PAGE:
Baseball Keeps on Breaking the Same Record

Earlier, Travis Sawchik wrote about the struggles of the middle class in this free-agent market. Sawchik called attention to those players predicted by the FanGraphs community to sign for under $45 million, and he found that the actual terms have been significantly lower than expected. Sawchik highlighted eight players in the group who have done better than the forecasts, despite the trend around them. Something those eight players have in common? They’re all relievers.

For all the talk of how slowly the free-agent market progressed — and, I suppose, continues to progress — relievers have seemingly been the exception. Relievers have come off the board in droves, and even back around the winter meetings, when all anyone could think about was Giancarlo Stanton and Shohei Ohtani finding new teams, relievers were finding contracts left and right. There was some obvious market enthusiasm, and to this point, free-agent relievers have signed for more money than free-agent starters. There are 24 relievers who have signed for multiple years, and that doesn’t count Mike Minor, who’s going to be tried as a starter again. One market is only one market, but still, what’s going on? It’s actually pretty simple to understand. You might even already know the answer.

Here’s a plot I’m sure you’ve seen in some form. Going all the way back to 1901, here is the league-wide percentage of all innings thrown by starting pitchers.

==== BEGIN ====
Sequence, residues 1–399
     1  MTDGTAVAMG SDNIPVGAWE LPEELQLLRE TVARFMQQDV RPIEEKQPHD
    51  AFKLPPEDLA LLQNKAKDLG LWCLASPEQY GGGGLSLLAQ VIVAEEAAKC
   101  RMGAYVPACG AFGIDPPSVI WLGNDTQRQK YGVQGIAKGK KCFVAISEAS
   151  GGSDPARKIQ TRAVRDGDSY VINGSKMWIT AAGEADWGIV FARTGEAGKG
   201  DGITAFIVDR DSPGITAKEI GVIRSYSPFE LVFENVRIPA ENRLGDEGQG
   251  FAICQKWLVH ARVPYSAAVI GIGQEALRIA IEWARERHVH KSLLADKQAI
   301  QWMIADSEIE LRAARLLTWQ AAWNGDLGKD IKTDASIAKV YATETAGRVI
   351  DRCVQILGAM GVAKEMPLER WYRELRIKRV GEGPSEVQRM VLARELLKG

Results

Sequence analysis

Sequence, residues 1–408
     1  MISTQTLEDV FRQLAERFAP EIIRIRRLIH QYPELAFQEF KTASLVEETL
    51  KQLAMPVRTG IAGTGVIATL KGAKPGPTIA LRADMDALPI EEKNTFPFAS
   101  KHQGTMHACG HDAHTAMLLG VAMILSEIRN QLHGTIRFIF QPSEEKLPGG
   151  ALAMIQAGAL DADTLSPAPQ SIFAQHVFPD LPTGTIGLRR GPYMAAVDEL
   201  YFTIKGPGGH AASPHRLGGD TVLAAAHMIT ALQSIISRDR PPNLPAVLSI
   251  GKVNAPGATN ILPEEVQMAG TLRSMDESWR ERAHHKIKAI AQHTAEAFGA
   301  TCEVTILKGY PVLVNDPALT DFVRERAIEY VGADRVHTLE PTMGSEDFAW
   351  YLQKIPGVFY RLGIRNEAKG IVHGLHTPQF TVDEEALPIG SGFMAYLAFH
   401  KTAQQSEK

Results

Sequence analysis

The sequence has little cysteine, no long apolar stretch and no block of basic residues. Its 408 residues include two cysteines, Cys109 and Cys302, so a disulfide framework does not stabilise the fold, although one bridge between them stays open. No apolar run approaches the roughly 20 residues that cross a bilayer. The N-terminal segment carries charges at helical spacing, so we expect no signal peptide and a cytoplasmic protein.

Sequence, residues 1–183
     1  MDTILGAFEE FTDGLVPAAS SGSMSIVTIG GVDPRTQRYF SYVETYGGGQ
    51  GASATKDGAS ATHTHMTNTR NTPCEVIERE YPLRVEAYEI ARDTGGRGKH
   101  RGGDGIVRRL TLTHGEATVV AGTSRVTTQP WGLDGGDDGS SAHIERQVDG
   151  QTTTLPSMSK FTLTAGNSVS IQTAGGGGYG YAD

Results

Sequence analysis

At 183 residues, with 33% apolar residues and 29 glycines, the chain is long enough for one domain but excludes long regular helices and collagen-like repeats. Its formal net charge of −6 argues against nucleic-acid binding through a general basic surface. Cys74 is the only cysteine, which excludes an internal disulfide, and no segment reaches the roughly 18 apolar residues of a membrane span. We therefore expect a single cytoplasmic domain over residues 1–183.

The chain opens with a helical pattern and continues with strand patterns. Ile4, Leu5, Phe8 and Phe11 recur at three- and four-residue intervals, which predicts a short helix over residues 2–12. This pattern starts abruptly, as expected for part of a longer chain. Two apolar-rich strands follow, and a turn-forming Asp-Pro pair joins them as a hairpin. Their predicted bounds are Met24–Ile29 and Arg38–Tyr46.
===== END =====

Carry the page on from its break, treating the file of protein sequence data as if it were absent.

It’s a steady drop, and, in 2017, baseball reached a new low. Last season, starters threw just 61.9% of all innings, the result of teams exercising caution. Caution about injury risk, and caution about in-game over-exposure. You hear more than ever about the times-through-the-order penalty. This isn’t anything new. Relative to even the somewhat recent past, the starters of today are being babied, at least if you ask some of those old-timey workhorses. More of the work is falling to the relievers.

So now let’s think about that in a different way, with the help of the Baseball Reference Play Index. We’ll keep going back to 1901, even though I don’t care about those early years, for these purposes. I have three images to show you. First, for every year, here is the average number of position players per team. This counts them all the same, whether they played every day or pinch-ran just one time. All I care about is a player being rostered.

Nothing has really changed for a while. Sure, things have probably changed somewhere under the surface, but just looking at the overall picture, the average team last season used 22.5 position players. The average team in 1980 used 22.5 position players. The average team in 1953 used 22.5 position players. There was a big recent drop in 1994, but, that one is self-explanatory. This line has held steady. Nothing to see here.

Now, I mentioned a record in the headline. About that: In 2013, baseball reached a new all-time high in average number of pitchers per team. In 2014, the record was broken. In 2015, the record was broken. In 2016, the record was broken. And, in 2017, the record was broken. I imagine it’ll be broken again in 2018. There are two types of pitchers, as long as we’re going to oversimplify. Here are the average number of pitchers per team to have started at least one game.